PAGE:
Cambridge Folk Festival




THE NORTHUMBRIAN PIPES WORKSHOPS
 

Mikes pipes

Mike Nelson’s pipes

From 2011, we’ve been running Northumbrian small pipes workshops at the Cambridge Folk Festival, using the School Pipes designed by Mike Nelson (maker of Kathryn Tickell’s pipes) to give people a first taste of playing the instrument.

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A keyed Chanter for Mike’s school pipes

We run two workshops in the Flower Garden, regularly attended by around 80 people. To hear what the pipes sound like, listen to Edric Ellis, one of our regular tutors. We’re proud of his triumphs in recent years in the Open competitions at Rothbury, Morpeth and the Northumbrian Pipers’ Society.

 

For those who’d like to find out more about the pipes, visit the Northumbrian Pipers’ Society. We also have a Fenland Chapter – a Cambridge-based group of players from the Eastern region, which meets for an informal session on the third Wednesday of each month, at Mike Nelson’s house in Bar Hill. Contact David Somerville on dsomerv@aol.com. Here’s a pipe tune by Andrew Burn in honour of the first session we held at Mike’s house, when he baked his famous spicy muffins …

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THE 2017 WORKSHOPS


The Six Pipers for the 2017 Festival were:

Nick Leeming
Alan Douglass
Edric Ellis
Mike Nelson
David Somerville
Andrew Burn

We had a great time! We began on the Friday by busking outside the concessions tent, to drum up a bit of interest, which seemed to intrigue a few Festival-goers.


On the Saturday and Sunday we ran our two workshops with around 50 people at each. We had some faithful returners from previous years, including one who’s since taken up the pipes, first hiring a set, then buying his own. 

Here’s Nick demonstrating the pipes.

And Edric playing The Highland Laddie and Shields Fair.

Then we demonstrated the school pipes, before inviting workshoppers to try them for themselves.

Here’s a young novice trying Frère Jacques:


And here he is teaching his mum!

Edric with his first pupils!


David demonstrating the chanter to a willing workshopper:


Alan playing for a small group:


Mike welcoming the Mayor of Cambridge to the workshop:


And Andrew with a couple of tutees from Ireland:


After the Saturday workshop we played a session in the Sessions Cafe, appropriately enough!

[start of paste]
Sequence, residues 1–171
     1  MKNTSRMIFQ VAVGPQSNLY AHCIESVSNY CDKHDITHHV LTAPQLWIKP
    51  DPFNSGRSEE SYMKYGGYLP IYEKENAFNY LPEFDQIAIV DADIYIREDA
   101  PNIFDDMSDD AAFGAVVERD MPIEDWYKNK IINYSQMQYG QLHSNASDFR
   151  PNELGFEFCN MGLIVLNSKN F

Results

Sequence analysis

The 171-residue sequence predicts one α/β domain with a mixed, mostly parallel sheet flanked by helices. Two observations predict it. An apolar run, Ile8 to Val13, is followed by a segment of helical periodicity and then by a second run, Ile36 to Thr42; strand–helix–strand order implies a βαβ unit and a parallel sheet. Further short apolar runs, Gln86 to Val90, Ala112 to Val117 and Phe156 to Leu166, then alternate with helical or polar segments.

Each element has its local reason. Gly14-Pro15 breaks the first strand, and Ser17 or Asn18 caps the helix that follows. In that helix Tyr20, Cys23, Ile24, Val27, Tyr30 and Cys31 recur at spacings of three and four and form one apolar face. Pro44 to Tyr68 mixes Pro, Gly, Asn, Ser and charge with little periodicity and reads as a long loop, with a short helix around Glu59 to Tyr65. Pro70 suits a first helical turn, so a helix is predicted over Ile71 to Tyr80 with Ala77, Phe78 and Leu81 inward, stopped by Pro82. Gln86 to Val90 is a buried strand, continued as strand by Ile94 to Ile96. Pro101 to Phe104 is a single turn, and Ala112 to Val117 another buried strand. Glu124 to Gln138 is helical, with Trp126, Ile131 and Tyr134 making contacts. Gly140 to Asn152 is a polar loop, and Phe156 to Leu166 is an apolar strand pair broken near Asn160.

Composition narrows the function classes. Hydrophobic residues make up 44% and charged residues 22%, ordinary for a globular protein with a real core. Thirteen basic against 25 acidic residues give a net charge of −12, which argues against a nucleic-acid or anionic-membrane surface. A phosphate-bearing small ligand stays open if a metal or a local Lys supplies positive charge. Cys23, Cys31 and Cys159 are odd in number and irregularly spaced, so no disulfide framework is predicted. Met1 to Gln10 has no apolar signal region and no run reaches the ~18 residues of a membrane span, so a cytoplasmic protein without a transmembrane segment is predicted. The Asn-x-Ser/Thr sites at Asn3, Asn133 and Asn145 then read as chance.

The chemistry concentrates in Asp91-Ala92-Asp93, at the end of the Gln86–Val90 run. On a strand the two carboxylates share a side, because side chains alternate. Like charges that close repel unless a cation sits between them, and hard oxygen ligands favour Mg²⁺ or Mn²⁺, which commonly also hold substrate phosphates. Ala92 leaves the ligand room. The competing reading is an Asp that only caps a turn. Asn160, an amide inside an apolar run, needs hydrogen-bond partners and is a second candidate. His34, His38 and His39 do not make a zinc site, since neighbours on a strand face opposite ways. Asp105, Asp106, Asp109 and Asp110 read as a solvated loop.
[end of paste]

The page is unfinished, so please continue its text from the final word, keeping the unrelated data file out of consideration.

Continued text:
And we had a new experience this year: a slot at the Club Tent as guests of Ely Folk Club. 

Here we are playing Rothbury Hills and Joe Hutton’s March. The BBC recorded it, and you can just hear us under the intro to Mark Radcliffe’s Radio 2 programme on the Cambridge Folk Festival.

And here we are with Swindon and Wade Hampton’s hornpipe!

And finally, with Air Moving, by Kathryn Tickell, followed by Because he was a Bonny Lad, and Holmes’ Fancy.

We look forward to next year, to seeing new faces and old friends, and another chance to explore our endlessly fascinating instrument and its musical tradition.  See you there!

The Six Pipers


THE 2016 WORKSHOPS

 

Our workshops took place on Saturday and Sunday, with the usual healthy attendance: about 80 at each workshop.

We enjoyed meeting new festival-goers interested in finding out more about this beautiful instrument, and trying it for themselves – and catching up with old friends from previous years. 

Here’s one young participant in full flow on the practice pipes.


And Alan coaching another youngster.


And here’s Edric teaching another workshopper!


And one of our regulars, Lucy, back for the third year!

And here’s a video of Nick playing The Wild Hills of Wannies to demonstrate the emotional range of the pipes!

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THE 2015 WORKSHOPS

The first workshop went brilliantly – 73 people, many of whom tried their hand on the pipes. Many achieved a good scale of G! Some managed Frere Jacques! One spontaneously played the Lord of the Rings theme tune!!

Here’s Edric playing his demonstration set.

The second workshop went just as well, with some people coming back for more! Our champion player from last year, Lucy, returned to play a duet with David. And our new star, who played Lord of the Rings yesterday, moved on to the traditional Northumbrian tune Buttered Peas! Here she is working with Alan.

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And here’s David working with Rob, another faithful returner from last year, now holding a steady tune! Respect!